A Review of: Grim Lovelies by Megan Shepherd
Grim Lovelies is a young adult fantasy novel by Megan Shepherd. It is the story of five beasties (animals turned into humans by a witch) whose newfound humanity is threatened when their witch mistress is murdered. They have three days to find the spell that will keep them human or risk turning back into animals.
The novel is told from the third person perspective of Anouk. I feel as though, especially in YA, this particular narration style is underused. I have a special attachment to it given it’s what I started out using when I began writing. This style worked well for this novel, even though I didn’t particularly like Anouk as a character.
The main protagonists are the beasties/familiars Anouk, Beau, and Cricket, though there are also two others, being Hunter Black and Luc. The main antagonists are the exiled witch Mada Zola and Prince Rennar, who rules over the magical world. There is also Viggo, a witch’s ‘son’ who begins as an antagonist but later has a change of heart.
These characters felt incredibly one dimensional to me. For example, Cricket is angry and intent on revenge at any cost, while Beau is overly protective of Anouk. These seem to be their only notable personality traits. When it comes to Anouk, the author can’t seem to decide if she is sweet and innocent, or cunning and smart.
The pacing is probably the strongest aspect of this novel. I felt the novel as a whole flowed quite well. The book takes place over the course of four days, and this time frame felt realistic given the events that occur within the novel. I appreciated that at the top of each chapter it gave the amount of time they had left, which was nice to reference.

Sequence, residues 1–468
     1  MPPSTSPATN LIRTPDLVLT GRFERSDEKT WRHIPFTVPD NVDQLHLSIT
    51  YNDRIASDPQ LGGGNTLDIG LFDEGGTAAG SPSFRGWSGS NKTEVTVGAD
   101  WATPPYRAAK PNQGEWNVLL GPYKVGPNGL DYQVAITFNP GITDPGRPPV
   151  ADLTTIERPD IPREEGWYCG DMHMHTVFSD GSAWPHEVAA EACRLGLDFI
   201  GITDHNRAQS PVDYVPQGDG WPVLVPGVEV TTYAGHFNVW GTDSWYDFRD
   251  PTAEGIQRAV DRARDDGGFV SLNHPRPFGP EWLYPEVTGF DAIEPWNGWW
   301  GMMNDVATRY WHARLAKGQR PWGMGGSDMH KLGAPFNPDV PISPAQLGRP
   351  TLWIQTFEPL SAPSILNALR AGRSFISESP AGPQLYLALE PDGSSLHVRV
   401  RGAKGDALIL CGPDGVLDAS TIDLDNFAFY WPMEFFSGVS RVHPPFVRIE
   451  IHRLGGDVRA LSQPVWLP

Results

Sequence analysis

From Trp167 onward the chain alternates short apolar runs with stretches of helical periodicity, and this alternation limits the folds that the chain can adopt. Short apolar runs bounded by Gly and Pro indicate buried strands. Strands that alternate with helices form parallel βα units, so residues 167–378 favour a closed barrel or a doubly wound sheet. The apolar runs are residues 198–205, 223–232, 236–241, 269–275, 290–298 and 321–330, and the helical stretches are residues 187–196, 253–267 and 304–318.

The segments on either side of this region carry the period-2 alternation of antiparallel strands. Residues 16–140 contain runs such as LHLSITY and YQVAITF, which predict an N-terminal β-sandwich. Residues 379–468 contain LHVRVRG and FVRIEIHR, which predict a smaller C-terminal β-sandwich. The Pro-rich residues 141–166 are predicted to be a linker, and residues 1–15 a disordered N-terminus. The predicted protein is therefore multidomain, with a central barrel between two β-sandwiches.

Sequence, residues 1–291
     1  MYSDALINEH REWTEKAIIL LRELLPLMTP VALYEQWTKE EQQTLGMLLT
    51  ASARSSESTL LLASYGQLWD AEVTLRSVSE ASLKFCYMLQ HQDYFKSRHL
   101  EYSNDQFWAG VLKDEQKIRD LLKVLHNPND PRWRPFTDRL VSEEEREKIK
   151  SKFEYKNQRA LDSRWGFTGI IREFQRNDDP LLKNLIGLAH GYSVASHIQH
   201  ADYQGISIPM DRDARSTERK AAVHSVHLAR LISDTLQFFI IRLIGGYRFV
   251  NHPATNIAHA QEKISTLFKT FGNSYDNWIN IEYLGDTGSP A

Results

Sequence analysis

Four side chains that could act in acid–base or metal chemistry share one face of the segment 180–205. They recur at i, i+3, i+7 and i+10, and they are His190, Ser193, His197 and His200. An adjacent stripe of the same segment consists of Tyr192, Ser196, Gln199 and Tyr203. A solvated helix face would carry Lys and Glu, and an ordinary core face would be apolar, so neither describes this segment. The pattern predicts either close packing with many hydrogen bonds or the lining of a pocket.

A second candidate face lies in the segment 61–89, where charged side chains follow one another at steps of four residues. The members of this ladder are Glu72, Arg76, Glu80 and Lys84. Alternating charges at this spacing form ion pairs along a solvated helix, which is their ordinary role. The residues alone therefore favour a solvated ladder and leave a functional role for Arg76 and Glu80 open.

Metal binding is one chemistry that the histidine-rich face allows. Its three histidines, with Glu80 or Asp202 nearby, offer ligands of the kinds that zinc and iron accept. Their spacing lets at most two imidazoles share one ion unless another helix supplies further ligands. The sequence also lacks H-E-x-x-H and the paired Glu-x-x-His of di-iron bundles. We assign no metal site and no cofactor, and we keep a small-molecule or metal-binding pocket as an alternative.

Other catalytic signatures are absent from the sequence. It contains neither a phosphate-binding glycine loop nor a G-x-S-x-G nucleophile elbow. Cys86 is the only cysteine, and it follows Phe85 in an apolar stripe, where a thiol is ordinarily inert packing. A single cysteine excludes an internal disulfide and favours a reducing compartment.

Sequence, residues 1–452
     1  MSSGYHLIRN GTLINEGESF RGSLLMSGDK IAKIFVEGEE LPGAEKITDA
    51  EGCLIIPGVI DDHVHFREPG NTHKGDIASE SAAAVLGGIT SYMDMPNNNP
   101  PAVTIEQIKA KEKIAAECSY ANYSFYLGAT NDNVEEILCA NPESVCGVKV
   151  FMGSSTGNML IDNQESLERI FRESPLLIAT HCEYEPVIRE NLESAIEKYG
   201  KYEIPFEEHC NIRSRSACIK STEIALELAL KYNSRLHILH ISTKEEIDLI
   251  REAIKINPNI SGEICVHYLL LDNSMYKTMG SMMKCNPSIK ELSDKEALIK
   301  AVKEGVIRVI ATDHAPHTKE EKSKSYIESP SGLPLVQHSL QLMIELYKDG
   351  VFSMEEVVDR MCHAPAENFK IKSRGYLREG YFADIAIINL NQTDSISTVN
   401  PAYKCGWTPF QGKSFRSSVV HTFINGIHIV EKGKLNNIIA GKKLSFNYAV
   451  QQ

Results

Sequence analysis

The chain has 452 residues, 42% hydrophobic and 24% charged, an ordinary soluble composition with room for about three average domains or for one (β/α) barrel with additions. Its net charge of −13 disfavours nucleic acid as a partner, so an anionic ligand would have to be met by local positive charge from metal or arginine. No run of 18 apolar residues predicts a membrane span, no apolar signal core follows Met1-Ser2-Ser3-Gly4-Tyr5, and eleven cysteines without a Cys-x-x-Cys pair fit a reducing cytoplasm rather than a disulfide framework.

The book is set in Paris, France. There was so much potential to explore the city, especially given that Anouk has spent her life inside longing to see the outside world. However, most of the story takes place within several manors/castles.
Viggo’s character undergoes a transition from antagonist to secondary protagonist, but for me this change really made no sense and wasn’t justified at all by the events of the novel. Additionally, given the true nature of the beasties, Viggo’s obsession with Cricket and Hunter Black’s feelings for Viggo border on bestiality.
Finally, I found the ending to be quite unsatisfactory. It did not do the characters justice. The author tries to make us care for these characters throughout the entire novel, and their fates felt cheap. It seemed like she was trying to set up a potential sequel, but I felt story could have easily been wrapped up in one novel.
Would I Recommend This Read?:
I’m torn on this one. There were elements I liked, and the plot itself is interesting. That being said, I had quite a few qualms with the novel as well. If you’re into fantasy and the concepts of witches and magic, then you’ll probably like it. If there ever does come a sequel, however, I really have no interest in reading it.
Final Rating: 7.5/10